Fifteen-million-pound plans to ramp up a school attendance scheme that provides mentoring to severely absent pupils in left-behind parts of England have been unveiled.
Barnardo’s is currently running a three-year trial of the project, which began in 2022, in five of the government’s 24 priority education investment areas (PEIAs).
The charity was awarded the £2.32 million contract to provide one-to-one support to 1,665 schoolchildren across three years who are missing more than half of their lessons.
But a tender released by the Department for Education this week revealed it is looking for firms to recruit and train mentors to work with 3,600 youngsters every year across 10 PEIAs.
It said: “We would need a supplier to support vulnerable children and families in each of the identified PEIAs to improve attendance. Through this work we aim to enhance capacity for early help/intervention.
Attendance pilot tender valued at £15m
“We would be looking for a possibility to deliver an attendance support offer, initially for one year with the intention to extend to three years (total).”
It added that mentors must be trained work with “pupils and families on a one-to-one basis with the intention of understanding barriers” to the child’s attendance and supporting them to resolve this.
The support “should be responsive to the individual’s needs” and could be provided in school or in the youngster’s home. Officials estimated the tender’s value at £15 million.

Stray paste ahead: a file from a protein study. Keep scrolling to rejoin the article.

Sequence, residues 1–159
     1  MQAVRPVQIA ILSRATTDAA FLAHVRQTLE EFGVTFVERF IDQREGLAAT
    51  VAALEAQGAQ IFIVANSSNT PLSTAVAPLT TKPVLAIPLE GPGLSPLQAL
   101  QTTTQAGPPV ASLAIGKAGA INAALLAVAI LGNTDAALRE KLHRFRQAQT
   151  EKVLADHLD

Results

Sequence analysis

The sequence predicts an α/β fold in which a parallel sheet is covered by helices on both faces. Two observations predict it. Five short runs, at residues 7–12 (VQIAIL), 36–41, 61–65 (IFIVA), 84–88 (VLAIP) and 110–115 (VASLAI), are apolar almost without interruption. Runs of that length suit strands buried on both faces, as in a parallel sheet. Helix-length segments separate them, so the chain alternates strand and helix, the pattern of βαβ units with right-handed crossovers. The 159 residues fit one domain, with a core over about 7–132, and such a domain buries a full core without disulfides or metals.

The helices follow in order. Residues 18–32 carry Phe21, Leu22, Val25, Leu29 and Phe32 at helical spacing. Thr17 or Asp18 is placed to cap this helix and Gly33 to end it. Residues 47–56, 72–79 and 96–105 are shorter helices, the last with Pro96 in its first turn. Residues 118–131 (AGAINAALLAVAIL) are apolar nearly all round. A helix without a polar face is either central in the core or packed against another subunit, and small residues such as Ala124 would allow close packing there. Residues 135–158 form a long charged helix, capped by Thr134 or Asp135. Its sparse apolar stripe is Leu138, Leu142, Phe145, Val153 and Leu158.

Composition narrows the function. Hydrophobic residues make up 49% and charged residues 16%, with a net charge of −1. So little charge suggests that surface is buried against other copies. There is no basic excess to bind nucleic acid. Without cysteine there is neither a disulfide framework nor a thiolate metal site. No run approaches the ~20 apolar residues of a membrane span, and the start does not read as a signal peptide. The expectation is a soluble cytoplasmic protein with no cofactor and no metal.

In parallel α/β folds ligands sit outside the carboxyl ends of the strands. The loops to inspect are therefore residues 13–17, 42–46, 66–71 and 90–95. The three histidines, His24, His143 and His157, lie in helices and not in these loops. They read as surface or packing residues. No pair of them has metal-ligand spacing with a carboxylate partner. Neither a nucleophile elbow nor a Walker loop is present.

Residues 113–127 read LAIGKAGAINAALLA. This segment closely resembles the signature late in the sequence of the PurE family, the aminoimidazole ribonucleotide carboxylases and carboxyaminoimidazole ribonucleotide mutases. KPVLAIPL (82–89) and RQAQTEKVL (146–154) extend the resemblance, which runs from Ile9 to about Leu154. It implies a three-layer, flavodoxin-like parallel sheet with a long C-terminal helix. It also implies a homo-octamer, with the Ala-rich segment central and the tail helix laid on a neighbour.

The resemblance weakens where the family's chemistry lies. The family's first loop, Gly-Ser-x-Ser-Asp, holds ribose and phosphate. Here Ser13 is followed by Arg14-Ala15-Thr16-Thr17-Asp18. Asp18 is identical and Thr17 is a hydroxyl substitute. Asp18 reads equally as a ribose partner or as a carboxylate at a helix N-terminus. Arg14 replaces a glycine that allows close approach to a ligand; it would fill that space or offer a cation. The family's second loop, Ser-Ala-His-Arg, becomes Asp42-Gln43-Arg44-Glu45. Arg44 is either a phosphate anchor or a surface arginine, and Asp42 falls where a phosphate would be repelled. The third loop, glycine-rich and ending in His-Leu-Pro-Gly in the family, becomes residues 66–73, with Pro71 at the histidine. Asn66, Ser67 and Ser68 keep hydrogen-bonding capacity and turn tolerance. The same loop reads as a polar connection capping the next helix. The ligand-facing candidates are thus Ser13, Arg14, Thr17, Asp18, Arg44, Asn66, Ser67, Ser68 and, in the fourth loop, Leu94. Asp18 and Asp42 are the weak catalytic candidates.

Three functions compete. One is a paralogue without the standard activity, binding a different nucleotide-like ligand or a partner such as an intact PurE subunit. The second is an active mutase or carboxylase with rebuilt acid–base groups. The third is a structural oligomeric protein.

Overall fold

The Barnardo’s trial currently covers Middlesbrough, Salford, Doncaster, Knowsley, and Stoke-on-Trent.
Education secretary Gillian Keegan told MPs last December that the pilot “tackles the factors behind non-attendance, such as bullying or mental health issues, as well as that feeling of just being too far behind”.
“Middlesbrough was the first area selected to take part. It is a scheme to combat those low school attendance rates, and then we will look to expand that to [four] other areas of the country next year.”
Second investment area scheme boosted
Ministers unveiled the 24 PEIAs last year “to address entrenched underperformance, including in literacy and numeracy, in areas with some of the highest rates of disadvantage in the country”, according to the schools white paper.
Schools in these parts of the country are eligible to receive extra cash through the local needs fund, as well as the attendance mentoring pilot.
PEIAs are a subset of the government’s wider education investment area (EIA) levelling-up programme.
Earlier this month the DfE announced that it had allocated a further £20 million to its connect the classroom project, which prioritises bids from schools in the 55 EIAs.
The scheme – which will now allocate £200 million in all until 2025 – aims to improve internet speeds.
Schools Week analysis in October showed the extra cash afforded to primaries and secondaries across the investment areas came to about £105 million on average every year. This equates to £49.83 for each pupil.